Unit 7, The Odyssey Centre, Corporation Road, Birkenhead CH41 1HB
British model trains running 13:00 to 17:00. Admission £2 - ample
free parking. Nearest Station Birkenhead Park. Contact 0151 653 0637 or
j.elliott37[at]sky.com for more information.
Sunday 3 November Llangollen
Railway Ride the Rocket evening
Friday 8 November Altrincham
Electric Preservation Society FREIGHT AROUND THE WORLD by John
Ryan. Presentation is 90% steam
9-10 November Llangollen
Railway Remembrance Weekend
Monday 11 November Wrexham Railway Society.
a large number of secondary lines in the northwest these and the
forthcoming initial phase of the work across Chat Moss in particular.
Thursday 14 November Llandudno
Valley Railway Society AGM 'American Wanderings Part 1'
Monday 18 November RCTS
West ‘Circular tour of North Wales from 1966 to 1980’ by John
Thursday 21 November Locomotive Club of
Great Britain Steve Fort "Carlisle to Crewe " - mainly steam
Thursday 28 November Geoff Morris Merseyside Railway
History Group 'The Many Varied Railways of Australia'
30 November Llangollen
Railway Santa Specials
1 December Llangollen
Railway Santa Specials
Friday 6 December Clwyd Railway
Circle 'Members Night & Christmas Celebration'
Members are invited to give a 15/20 minute presentation of their choice
(any format). This will be interrupted by festive treats (all high
calories). Members must book their slot no later than 16th November by
telephoning David Jones.
7-8 December Llangollen
Railway Santa Specials
Monday 9 December Wrexham Railway Society.
specialises in researching and photographing railways, particularly the
old lines and former features alongside current routes all over Britain
by walking along them in the company of his dog. He is a
and his presentation will be based on his home county, including the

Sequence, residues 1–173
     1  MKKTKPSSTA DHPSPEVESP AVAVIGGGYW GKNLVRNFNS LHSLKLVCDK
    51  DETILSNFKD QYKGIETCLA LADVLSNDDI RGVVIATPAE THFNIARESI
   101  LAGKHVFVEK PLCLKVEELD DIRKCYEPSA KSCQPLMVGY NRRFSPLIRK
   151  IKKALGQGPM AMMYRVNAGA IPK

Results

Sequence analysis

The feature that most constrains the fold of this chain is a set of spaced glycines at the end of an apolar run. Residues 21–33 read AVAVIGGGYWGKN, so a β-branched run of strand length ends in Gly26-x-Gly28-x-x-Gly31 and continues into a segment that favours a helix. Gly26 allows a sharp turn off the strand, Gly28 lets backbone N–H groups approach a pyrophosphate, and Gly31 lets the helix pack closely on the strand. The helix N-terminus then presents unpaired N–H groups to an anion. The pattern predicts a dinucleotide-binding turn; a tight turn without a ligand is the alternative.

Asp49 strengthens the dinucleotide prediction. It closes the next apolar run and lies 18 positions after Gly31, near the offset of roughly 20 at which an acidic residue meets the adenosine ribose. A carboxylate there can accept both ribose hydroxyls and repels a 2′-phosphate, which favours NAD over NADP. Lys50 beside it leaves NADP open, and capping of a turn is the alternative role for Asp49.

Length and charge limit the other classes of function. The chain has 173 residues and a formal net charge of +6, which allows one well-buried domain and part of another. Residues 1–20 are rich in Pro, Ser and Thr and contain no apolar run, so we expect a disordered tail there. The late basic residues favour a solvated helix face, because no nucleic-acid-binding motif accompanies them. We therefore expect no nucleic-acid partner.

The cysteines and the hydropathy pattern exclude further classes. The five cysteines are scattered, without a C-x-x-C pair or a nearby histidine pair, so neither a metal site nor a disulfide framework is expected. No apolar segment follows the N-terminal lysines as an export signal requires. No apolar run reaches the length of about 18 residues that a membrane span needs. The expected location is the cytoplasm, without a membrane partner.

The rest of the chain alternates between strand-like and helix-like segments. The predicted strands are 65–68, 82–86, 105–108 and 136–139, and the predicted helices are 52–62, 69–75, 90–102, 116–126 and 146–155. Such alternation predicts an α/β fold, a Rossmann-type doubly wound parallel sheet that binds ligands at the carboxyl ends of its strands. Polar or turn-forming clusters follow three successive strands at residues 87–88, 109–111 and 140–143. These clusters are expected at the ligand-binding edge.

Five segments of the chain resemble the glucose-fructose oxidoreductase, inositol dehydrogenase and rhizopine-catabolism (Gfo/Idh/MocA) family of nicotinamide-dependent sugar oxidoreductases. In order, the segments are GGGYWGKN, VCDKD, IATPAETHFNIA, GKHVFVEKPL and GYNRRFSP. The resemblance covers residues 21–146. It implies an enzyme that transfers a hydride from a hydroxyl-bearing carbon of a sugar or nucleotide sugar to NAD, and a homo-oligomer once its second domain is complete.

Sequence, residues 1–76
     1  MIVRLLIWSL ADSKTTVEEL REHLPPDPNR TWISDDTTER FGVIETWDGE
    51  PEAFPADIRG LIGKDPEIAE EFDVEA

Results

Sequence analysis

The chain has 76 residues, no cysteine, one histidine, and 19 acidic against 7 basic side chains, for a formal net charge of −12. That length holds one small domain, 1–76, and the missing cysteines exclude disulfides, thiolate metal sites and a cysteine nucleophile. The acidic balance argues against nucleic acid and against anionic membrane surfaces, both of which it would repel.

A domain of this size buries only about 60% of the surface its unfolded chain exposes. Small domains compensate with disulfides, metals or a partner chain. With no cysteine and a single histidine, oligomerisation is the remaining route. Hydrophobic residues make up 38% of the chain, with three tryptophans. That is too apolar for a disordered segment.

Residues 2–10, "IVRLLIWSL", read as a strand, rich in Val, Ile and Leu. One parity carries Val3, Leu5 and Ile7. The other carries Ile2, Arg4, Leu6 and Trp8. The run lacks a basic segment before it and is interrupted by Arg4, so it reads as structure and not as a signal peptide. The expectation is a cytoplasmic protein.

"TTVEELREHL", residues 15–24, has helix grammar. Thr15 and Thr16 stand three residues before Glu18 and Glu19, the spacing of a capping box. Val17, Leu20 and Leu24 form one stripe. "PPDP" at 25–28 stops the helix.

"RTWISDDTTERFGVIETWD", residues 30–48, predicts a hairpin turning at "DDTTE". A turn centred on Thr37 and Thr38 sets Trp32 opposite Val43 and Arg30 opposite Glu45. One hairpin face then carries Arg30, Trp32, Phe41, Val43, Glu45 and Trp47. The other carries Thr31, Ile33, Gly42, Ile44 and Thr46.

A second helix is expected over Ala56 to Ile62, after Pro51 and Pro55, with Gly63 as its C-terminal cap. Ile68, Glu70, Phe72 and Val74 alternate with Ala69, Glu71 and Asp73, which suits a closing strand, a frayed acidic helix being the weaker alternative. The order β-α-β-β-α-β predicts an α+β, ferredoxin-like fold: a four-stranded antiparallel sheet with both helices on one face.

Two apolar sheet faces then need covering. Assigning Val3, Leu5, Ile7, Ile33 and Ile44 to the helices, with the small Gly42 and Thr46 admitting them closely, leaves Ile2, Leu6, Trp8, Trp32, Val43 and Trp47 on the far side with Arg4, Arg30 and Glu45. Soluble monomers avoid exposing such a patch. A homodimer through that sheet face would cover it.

beautiful Settle to Carlisle line.
Thursday 12 December Llandudno
Valley Railway Society Xmas Social/ 'All Change at the
Junction' Local Speakers
Friday 13 December Altrincham
Electric Preservation Society STEAM SHEDS ACROSS THE YEARS By John
14-15 December Llangollen
Railway Santa Specials
Thursday 19 December Locomotive Club of
Great Britain John Ryan "Various Gauges in France and Spain
1966 to 1973"
20-24 December Llangollen
Railway Santa Specials
7 December Llangollen
Railway Real Ale Train evening
Thursday 12 December Merseyside Railway
History Group Geoff Coward 'Europe & The Old Buffers'
Monday 16 December RCTS
West ‘Early Days’ by David Maidment, Formerly Operations
Manager BR London Midland Region David presents his early days at
Swindon and commuting on the Southern and around the UK in the early
26-31 December Llangollen
Railway Mince Pie Specials.
1 January 2014 Llangollen
Railway Mince Pie Specials.
Friday 3 January Clwyd Railway
Circle David Rapson 'Wrexham to Bidston Line' A history
of the route illustrated with pictures covering the last 70 years.
Thursday 9 January Llandudno
Valley Railway Society 'From a Driver’s point of view'
Friday 10 January Altrincham
Electric Preservation Society HISTORY OF BOLTON TRAMWAYS by Derek
Shepherd (Vice-Chairman, Heaton Park Tramway)
Monday 13 January Wrexham Railway Society.
will be followed by various members’ own presentations.
Monday 20 January RCTS
West BRANCH A.G.M Followed by Alan Donaldson ‘Around
Britain 1983 to 2010’
Thursday 30 January Merseyside Railway
History Group David Rapson 'Seacombe to Wrexham'
Friday 7 February Clwyd Railway
Brian Bollington & Peter Hanahoe 'Polish Steam'
is a mix of slide shows and video showing steam on the national
network, including shed scenes, taken in the 1990’s.
Monday 10 February Wrexham Railway Society.
results of a week
trip to Scotland, shed bashing previously not seen, black and white
images of long gone shed scenes, Princes Street station etc.
Thursday 13 February Llandudno
Valley Railway Society 'A short history of Crosville &
my time with it' Clive
Friday 14 February Altrincham
Electric Preservation Society A JOURNEY FROM MANCHESTER TO
EASTLEIGH WORKS IN 1910 By Mike Hayward (Secretary, Manchester
Monday 17 February RCTS